... lots want a tan look, lots of Asian women want to be whiter than white (!) And they want you to agree with them that it's the right foundation when it actually isn't! Really difficult
And some nice stories too.... I helped a woman who had a terrible scar from domestic violence and hadn't worn make up as she didn't want to look in the mirrorbut wanted to conceal it. So I sat her down and did it for her and then showed her. She came in a month later tosAy thank you as she had felt so much better about herself she had been able to look in the mirror again
And then there's the men shopping for their women .... "bottle of channel number 5 please love.... HOW MUCH ??!!!!"
Interesting point about the foundation Fairylea, as I'm Asian myself and know there is a hang up about being 'fairer', but I get annoyed when I see Asian girls with lovely honey skin tones wearing Caspar like masks! I think a lot of the younger generation are happier with their colour and love brands like MAC/Bobbi Brown who do a good range for darker skin. If I were to get a job at a counter that doesn't have a broad range they wouldn't honestly expect me to wear their foundations if they didn't suit?
Do they HAVE to wear so much make up? I know it's a bit of a joke calling them 'orange ladies' - but why the bad foundation?
The best counter person I have ever met was a really young chap with Estee Lauder ( he wasn't orange btw!) and he totally got me into make up again after a long break. He redid my eye make up and I could have kissed him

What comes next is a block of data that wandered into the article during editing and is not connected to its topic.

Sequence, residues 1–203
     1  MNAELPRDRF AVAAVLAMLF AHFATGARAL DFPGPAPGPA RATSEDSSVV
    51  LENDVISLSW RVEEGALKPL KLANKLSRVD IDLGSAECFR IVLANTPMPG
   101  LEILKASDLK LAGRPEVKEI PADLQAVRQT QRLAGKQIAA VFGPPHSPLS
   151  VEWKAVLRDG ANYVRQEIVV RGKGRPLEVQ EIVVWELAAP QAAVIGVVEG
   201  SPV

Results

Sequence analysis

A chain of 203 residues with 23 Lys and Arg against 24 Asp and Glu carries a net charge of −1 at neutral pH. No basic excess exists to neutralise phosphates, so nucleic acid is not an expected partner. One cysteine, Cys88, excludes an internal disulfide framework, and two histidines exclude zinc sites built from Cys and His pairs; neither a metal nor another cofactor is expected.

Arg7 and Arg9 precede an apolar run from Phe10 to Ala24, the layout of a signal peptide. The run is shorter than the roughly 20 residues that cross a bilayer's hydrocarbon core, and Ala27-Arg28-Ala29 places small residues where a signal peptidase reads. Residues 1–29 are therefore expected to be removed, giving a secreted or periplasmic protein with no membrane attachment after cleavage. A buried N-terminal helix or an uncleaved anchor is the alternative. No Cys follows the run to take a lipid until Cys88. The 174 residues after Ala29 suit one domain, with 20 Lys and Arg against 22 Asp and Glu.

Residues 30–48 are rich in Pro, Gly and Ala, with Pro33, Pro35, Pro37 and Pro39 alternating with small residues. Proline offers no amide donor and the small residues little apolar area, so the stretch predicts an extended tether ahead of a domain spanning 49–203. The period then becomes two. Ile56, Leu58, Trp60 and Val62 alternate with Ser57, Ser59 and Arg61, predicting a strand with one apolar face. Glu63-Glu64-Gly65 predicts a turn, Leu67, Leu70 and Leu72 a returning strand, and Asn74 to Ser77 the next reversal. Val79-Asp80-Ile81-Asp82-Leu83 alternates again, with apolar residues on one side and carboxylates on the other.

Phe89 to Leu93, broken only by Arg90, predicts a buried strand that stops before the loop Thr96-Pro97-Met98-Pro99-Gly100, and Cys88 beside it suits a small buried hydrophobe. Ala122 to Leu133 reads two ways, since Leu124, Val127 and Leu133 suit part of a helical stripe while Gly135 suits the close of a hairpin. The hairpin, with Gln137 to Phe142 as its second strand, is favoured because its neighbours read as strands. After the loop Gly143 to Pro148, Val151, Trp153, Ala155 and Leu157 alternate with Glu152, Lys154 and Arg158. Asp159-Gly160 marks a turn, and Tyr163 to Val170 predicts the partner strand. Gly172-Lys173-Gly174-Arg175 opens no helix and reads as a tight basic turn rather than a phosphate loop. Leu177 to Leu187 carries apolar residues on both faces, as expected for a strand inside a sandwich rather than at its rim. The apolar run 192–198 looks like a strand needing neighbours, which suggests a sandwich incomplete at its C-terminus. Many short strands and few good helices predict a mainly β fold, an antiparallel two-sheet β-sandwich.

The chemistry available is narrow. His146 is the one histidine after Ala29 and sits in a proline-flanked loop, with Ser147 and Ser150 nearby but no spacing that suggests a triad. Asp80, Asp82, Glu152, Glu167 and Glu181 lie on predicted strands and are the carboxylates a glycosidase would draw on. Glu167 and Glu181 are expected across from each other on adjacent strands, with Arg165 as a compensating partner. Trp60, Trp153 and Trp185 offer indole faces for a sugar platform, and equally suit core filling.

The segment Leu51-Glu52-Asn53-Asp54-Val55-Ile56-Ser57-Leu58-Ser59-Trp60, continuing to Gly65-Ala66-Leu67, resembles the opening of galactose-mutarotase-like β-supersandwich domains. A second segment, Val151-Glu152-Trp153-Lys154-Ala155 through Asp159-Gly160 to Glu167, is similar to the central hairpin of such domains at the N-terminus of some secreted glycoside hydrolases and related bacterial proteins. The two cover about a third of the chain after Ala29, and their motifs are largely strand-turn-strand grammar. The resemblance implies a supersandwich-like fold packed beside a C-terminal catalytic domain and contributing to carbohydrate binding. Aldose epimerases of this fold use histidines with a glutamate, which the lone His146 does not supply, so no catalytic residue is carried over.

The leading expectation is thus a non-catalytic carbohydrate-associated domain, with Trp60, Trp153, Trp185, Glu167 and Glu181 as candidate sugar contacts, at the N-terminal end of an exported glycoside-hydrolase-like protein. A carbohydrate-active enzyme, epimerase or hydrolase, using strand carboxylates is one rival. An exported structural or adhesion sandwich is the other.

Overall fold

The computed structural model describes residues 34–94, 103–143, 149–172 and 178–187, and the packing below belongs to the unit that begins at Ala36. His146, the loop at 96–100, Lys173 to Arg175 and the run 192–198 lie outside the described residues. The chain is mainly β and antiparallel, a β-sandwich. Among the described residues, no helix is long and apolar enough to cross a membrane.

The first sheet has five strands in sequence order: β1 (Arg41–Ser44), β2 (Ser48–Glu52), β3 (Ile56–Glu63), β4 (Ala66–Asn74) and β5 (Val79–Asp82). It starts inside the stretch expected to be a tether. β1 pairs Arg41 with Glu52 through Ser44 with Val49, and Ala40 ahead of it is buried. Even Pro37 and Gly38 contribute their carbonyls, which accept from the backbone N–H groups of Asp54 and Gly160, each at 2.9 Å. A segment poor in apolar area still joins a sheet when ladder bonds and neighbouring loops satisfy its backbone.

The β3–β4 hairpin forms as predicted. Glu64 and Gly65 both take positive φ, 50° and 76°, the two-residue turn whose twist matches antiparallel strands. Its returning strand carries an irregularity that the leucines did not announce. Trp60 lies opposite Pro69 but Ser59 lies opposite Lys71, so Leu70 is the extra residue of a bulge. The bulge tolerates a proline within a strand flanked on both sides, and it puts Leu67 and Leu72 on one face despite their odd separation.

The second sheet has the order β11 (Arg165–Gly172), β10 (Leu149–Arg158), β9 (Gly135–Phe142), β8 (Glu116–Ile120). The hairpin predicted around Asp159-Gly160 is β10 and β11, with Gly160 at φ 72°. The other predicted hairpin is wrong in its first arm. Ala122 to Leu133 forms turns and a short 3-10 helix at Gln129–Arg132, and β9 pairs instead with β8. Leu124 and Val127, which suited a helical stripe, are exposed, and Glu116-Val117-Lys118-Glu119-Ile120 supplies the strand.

Aw Vallium I had a male MAC artist do my wedding makeup trial - I could have snogged him too, except I was obviously not his 'type' IYKWIM
you don't HAVE to wear anything from the range you work for if you don't want to... they won't come round and check when you get dressed .. hence me saying we all wore rimmel foundation etc!
However yes you are expected to wear certain things - with clinique and chanel they wanted you to wear foundation, concealer, powder, blusher, eyeshadow, eyeliner, mascara, lip liner, lipstick and lip gloss. Basically they want you to sell "the look" and whatever you're wearing. People will ask what you have on so if you don't wear your brand you need to know what the equivalent would be in order to sell it.
I have no idea why some of the women look like oompa loompas. It's not essential .. I guess it's like anything else , some people are better at make up than others!
I hope I didn't look orange !
I think there is a lot of competition between the girls... who looks the most groomed, who has the best sales, who has the best designer handbag (! Oddly enough everyone was into designer handbags as we all had to wear uniforms and they become a bit of a status symbol, people seem to use their commission to buy them.. I never did but others were really into obviously real Louis v or whatever else ... oh and chanel earrings and sunglasses!... again not my thing but seemed usual!)
Fairylea, Estee Lauder own Creme de la mer as well